Archive for the ‘Backstory’ Category

The Greg Ham Effect

Driving home tonight, Men At Work’s “Overkill” came up on the shuffle of my iPod.  My finger twitched on the “next” button, but like always, I can’t resist.  Men At Work flashes me back to my first music obsession of staying up late when I was ten years old to watch a live performance on MTV.  They also remind me of another distinct childhood memory which is hauntingly accompanied by Greg Ham’s sax solo played at the interlude.

When I was ten years old I had a choice.  Fourth grade wasn’t only a transition from baby to adult stature in the elementary school world, it brought a plethora of new opportunities.  One was music.  We were donned with the option of playing an instrument. (Yes, this was way back in the day where schools had musical programs.)  While most gravitated towards their grandmothers’ dreams of the violin, I knew I was destined for the flute.  It wasn’t the same reason like every other girl who thought the flute was prettier than the clarinet (even though it was), but instead the choice was solely based on Greg Ham’s solo in “Down Under.”

In seventh grade, with an overflowing flute section and a sad showing for a saxophone section, the music teacher asked if I wanted to try alto sax.  “The fingerings are pretty much the same so it should be an easy transition.  Also, there is a lot less competition for first chair.”  While “easy transition” and “less competition” spoke to me, the real weight in my decision was once again Greg Ham.  I pulled out my Business As Usual cassette tape and in the black print on the glossy innards were the word “saxophone” after Greg Ham’s name.  The deal sealed.

Seventh grade right before I jumped off the flute ship.  And yes, I'm also wearing a Guess skirt to rock this outfit.

Seventh grade right before I jumped off the flute ship. And yes, I’m also wearing a Guess skirt to rock this outfit.

Now I wish I could go on with a terrific ending about becoming a concert saxophonist to make Mr. Ham and my parents proud.  Unfortunately, the reality was I played into high school in the marching band before moving to the tenor sax for jazz band.  In college, I abandoned the instrument all together and now pull it out on special occasions to prove to my children I actually know how to play.

This year when the “In Memoriam” scrolls through all the stars you will remember, Mr. Ham’s name will probably not make the list even though he left this world in April.  To most, he was no Whitney Houston, Larry Hagman, Phyllis Diller, Neil Armstrong, or Ron Palillo (Horshack from Welcome Back, Kotter — OMG, he’s dead?  I didn’t even know until I searched to put together this list.  This may be another blog in the making.)  But there is a part of my heart devoted to Mr. Ham.  In his flute and sax works he opened a world to me about discipline to learn something new, appreciation of the arts, and the uncomfortable chaffing of a polyester band uniform.  I can’t thank him enough.  Here is your in memoriam, Mr. Ham.  You will be missed.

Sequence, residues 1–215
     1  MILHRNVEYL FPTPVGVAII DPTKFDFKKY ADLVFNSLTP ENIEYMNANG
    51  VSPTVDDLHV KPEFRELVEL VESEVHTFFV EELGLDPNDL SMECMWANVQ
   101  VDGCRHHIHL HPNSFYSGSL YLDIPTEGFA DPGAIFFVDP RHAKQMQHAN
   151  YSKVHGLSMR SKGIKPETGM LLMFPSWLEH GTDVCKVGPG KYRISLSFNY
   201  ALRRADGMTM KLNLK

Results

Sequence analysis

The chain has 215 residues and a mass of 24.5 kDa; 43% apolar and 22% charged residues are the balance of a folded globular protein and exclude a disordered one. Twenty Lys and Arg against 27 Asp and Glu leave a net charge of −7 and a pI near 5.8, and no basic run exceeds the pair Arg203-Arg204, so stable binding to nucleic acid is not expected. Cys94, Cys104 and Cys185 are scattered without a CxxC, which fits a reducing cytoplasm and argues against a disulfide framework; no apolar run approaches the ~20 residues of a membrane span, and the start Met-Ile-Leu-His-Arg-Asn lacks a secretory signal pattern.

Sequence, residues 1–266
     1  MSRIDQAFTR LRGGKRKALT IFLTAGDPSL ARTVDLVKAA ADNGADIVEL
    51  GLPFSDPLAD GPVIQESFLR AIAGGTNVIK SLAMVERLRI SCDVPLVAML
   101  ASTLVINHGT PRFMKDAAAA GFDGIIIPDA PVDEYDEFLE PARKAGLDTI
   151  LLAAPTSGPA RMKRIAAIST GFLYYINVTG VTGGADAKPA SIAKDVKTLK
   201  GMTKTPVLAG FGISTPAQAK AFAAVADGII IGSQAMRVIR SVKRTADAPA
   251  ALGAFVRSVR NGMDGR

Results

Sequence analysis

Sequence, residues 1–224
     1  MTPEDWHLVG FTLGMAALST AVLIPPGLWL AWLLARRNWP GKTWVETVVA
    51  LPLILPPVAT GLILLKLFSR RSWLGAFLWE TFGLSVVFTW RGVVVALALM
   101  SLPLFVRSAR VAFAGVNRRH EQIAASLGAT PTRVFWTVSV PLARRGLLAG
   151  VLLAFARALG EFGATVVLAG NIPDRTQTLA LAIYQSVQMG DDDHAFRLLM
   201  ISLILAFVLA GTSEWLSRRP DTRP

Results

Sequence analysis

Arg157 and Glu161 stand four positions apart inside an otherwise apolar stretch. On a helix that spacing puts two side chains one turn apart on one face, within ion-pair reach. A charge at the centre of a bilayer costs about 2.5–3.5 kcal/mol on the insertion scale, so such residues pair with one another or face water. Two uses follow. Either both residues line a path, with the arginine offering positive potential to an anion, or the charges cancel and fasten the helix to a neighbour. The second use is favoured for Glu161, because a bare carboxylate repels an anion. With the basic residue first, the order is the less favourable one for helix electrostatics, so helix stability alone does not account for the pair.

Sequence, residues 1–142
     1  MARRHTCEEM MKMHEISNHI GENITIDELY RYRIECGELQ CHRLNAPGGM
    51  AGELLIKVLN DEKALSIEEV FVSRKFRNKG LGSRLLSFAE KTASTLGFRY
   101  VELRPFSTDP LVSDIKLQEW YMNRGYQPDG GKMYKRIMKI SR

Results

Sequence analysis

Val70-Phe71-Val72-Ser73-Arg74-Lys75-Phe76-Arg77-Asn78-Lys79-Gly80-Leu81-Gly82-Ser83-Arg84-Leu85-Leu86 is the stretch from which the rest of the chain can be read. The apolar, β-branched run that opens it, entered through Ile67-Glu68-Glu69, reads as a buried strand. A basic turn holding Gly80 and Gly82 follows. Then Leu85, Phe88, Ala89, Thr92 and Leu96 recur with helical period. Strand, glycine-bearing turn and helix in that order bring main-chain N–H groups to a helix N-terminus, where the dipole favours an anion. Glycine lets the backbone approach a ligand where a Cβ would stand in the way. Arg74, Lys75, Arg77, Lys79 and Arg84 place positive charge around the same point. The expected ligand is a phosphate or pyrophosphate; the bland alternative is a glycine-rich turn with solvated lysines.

Maybe this picture is a little creepy.


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I Was Fearless

When I drove home in the glow of what a great time I had at the Willamette Writers Conference, I realized it all came from being fearless the first night.  I thought about how when I was younger fear wasn’t something considered when making decisions.  One of the lectures taught nostalgia as a plot device being the biggest draw for people in their thirties.  (I’ll let you believe now that I barely made it into the thirty tier since I’m obviously 29.)  I guess it’s true because I spent the next hour cycling through stories of my younger self storming headstrong into ridiculous situations.  I loved them.  And then I wondered when it had changed.

My freshman year of college represented my most fearless year.  My parents insisted I travel out of my small hometown to go to college.  This also meant leaving all my comforts, friends, and securities, too.  The first few weeks I holed up in my room and played on Prodigy because the internet wasn’t “a thing” yet.  (You’re probably recalculating my age assessment from before.)  One day I took a stand and reached out to my suite-mate.  I cast fear aside and put myself out there in hopes of better things.  She welcomed me into the group and I finally did more than listen to Nine Inch Nails’ Pretty Hate Machine for the millionth time.

Some of my best accomplishments came because of that first step to ditch fear.  I took a job as a concert security guard who had to travel to locations around southern California.  It never even occurred to me how unrealistic that was since I was a freshman without a car.  My resourceful self recruited dorm-mates to take on the same job and the carpool began.  Not seeing the boundaries allowed me to work one of my favorite jobs.  The lack of worry brought other adventures, such as an interview to intern with Capital Records (didn’t get it, but did get a tour of the building), inviting one of my favorite bands at the time to come stay in the dorms (no go, but did get a handwritten note back), endless photos of wild nights (they don’t see the light of day), and even the most gutsy move to fall in love (with my now husband).  That was one of my best years.